Talking to Godfrey
Godfrey is about 10 inches tall, sits down with his front paws placed in front of him and is always quiet. His ears jut out from his round face, and he has huge eyes with enormous half closed lids. My son Doug won Godfrey in one of those prize boxes where you put in a dollar and hope to use those metal jaws to pull out a toy. One year Doug got very lucky and we ended up giving a couple dozen stuffed animals to “Toys for Tots” all except Godfrey; he’s mine.
I was watching one of my favorite shows the other night when the phone rang.
It was my youngest son Danny, calling to ask if I realized that this week was the anniversary of his, and my ex-husband his dad, helping me move from Fallon to Lowman, Idaho, in 1990. We talked and after our conversation I tried to continue watching TV but instead ended up telling my little 10-inch friend all about that trip.
It was in 1983, realizing my husband had medical problems, that we decided to trade our home in Cascade for a much smaller, and less expensive, property in Lowman. Our plan was to live in Lowman during the winter and using a recreational vehicle to stay in Cascade for Van’s job during the summer season. We moved in November and had been enjoying our new home most of the winter. But finally in late February Van said we needed to get away, and we headed to see the family in California.
It was then, in March of 1984 that he became ill in Bishop and passed away in Reno the next day. I went home with my sons Danny and Donald to unpack and then head for New York for yet another funeral when my sister-in-law’s husband died. There I was, a widow, in a house up in the middle of nowhere.
Lowman is a dot that doesn’t even show on most maps. There are a couple of lodges with one that has a tiny grocery, but nothing else. I couldn’t stand to stay there, and packed up all of my personal things and was very appreciative when Van’s Masonic brothers packed up the rest of our furnishings and sold them in a special auction. Our house was now empty and listed for sale with a realtor in Boise. And it stayed like that for six long years.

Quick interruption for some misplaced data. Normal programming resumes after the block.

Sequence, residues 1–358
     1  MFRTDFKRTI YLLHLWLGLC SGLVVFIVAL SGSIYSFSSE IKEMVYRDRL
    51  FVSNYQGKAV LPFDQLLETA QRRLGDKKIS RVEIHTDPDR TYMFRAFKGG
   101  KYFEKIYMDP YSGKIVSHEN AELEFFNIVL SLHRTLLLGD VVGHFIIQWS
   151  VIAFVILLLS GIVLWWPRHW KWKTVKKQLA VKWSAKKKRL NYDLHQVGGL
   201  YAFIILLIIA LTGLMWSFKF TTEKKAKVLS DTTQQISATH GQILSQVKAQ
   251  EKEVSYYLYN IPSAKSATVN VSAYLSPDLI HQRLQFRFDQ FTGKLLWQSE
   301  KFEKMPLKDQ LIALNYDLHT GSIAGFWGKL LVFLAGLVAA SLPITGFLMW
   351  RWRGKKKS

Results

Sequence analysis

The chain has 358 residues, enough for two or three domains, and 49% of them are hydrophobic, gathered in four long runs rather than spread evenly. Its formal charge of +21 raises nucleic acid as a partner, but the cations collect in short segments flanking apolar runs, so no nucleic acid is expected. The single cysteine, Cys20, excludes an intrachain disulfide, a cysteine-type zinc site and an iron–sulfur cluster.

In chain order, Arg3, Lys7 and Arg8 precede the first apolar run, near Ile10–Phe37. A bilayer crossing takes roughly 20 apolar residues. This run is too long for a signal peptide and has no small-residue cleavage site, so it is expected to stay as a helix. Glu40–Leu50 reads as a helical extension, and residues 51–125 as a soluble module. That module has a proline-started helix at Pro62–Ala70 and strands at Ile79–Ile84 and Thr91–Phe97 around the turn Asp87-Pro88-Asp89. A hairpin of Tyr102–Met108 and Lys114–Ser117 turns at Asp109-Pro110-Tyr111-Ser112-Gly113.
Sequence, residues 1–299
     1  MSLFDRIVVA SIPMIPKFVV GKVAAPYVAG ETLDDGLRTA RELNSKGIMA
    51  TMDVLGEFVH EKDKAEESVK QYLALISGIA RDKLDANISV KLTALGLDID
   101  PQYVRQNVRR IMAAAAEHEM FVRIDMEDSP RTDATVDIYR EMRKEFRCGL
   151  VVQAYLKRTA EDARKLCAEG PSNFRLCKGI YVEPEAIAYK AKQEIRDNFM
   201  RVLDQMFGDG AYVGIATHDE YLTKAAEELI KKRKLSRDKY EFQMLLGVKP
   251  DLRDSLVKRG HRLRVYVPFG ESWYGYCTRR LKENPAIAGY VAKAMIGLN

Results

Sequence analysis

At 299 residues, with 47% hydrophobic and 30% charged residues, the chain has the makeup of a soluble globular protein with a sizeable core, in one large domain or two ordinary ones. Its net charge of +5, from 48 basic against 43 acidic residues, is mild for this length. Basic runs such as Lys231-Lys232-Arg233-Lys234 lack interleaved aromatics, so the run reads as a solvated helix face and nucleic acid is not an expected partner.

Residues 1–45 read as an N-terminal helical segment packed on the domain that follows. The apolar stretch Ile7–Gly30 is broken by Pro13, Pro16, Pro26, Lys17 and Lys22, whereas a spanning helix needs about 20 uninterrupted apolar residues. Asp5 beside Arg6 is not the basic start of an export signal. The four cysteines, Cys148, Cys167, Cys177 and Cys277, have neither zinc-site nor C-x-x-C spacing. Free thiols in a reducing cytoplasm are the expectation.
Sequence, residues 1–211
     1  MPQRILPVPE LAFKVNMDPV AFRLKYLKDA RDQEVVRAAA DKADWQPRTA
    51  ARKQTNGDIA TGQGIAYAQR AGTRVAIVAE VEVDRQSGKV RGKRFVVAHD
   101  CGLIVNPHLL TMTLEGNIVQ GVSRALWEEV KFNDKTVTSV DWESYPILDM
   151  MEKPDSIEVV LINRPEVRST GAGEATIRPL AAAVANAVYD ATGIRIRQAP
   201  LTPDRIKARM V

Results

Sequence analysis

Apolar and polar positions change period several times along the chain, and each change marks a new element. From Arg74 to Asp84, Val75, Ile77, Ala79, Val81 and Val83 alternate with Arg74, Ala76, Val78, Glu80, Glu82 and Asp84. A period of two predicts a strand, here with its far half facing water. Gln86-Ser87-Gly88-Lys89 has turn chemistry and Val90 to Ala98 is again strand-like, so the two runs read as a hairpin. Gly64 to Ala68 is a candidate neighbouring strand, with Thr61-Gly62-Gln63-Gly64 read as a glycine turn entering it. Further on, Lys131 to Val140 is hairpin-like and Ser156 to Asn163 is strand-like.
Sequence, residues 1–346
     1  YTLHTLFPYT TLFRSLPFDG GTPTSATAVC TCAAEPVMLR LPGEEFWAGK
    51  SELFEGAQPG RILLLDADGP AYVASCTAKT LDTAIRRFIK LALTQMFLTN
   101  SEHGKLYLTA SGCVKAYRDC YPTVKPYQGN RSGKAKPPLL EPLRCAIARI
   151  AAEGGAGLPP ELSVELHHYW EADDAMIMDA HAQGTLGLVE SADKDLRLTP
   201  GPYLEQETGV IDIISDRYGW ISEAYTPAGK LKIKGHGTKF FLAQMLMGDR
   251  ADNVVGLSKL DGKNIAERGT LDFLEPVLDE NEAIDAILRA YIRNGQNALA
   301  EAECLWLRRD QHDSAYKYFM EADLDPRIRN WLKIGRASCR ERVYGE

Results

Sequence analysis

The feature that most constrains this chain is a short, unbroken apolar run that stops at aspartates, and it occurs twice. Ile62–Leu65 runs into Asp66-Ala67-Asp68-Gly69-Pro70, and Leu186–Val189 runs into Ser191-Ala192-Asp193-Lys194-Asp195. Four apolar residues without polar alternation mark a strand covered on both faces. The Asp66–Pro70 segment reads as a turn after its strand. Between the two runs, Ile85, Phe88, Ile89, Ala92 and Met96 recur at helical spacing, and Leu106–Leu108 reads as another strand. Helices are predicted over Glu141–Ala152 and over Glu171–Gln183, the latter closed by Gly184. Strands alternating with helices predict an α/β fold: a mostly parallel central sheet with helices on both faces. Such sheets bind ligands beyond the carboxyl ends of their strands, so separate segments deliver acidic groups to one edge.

Finally, in desperation, I decided to leave Fallon and return to Lowman to sell the place myself. Danny heard about this and since he was already visiting his dad in California, while on vacation, suggested the two of them come and help me move. It was a good opportunity, Danny mentioned, for the two of them to see some of Idaho. Those two followed me in a U-Haul truck, up through Boise and winding up and up and up through those mountains to that little log home in the pines.
Finding the hidden key we went inside. The first thing I saw, after six years of being empty, was a tiny piece of tinsel from our last Christmas tree. Upstairs in the bathroom was a half empty bottle of Van’s shampoo, and downstairs on the kitchen wall was a copy of the “Creed” that Van had placed there. He lived by those words. I had a rough time that first day back in my home.
But the next day I drove Don and Danny up to Stanley, past the beautiful Sawtooth Mountains as they kept saying “wow” at the beauty. We had a nice dinner and had a great visit. My ex-husband said later that he finally was beginning to understand my love for Van and the kind of life he and I had enjoyed so much. In no time I got a job working at the Lowman Lodge when a young man came in to buy cigarettes and asked if there was a property for sale anywhere? I sold him mine.
I remember sitting in my packed up Toyota in front of our Lowman home, the home Van and I had loved so much and saying a final goodbye. Then I thought about my life today. It’s yet another spring day many years later, and I told Godfrey something. I told him how grateful I am for my many beautiful memories. Godfrey didn’t answer; he just looked up with those enormous eyes as if saying, why are you surprised?
Edna Van Leuven is a Churchill County writer.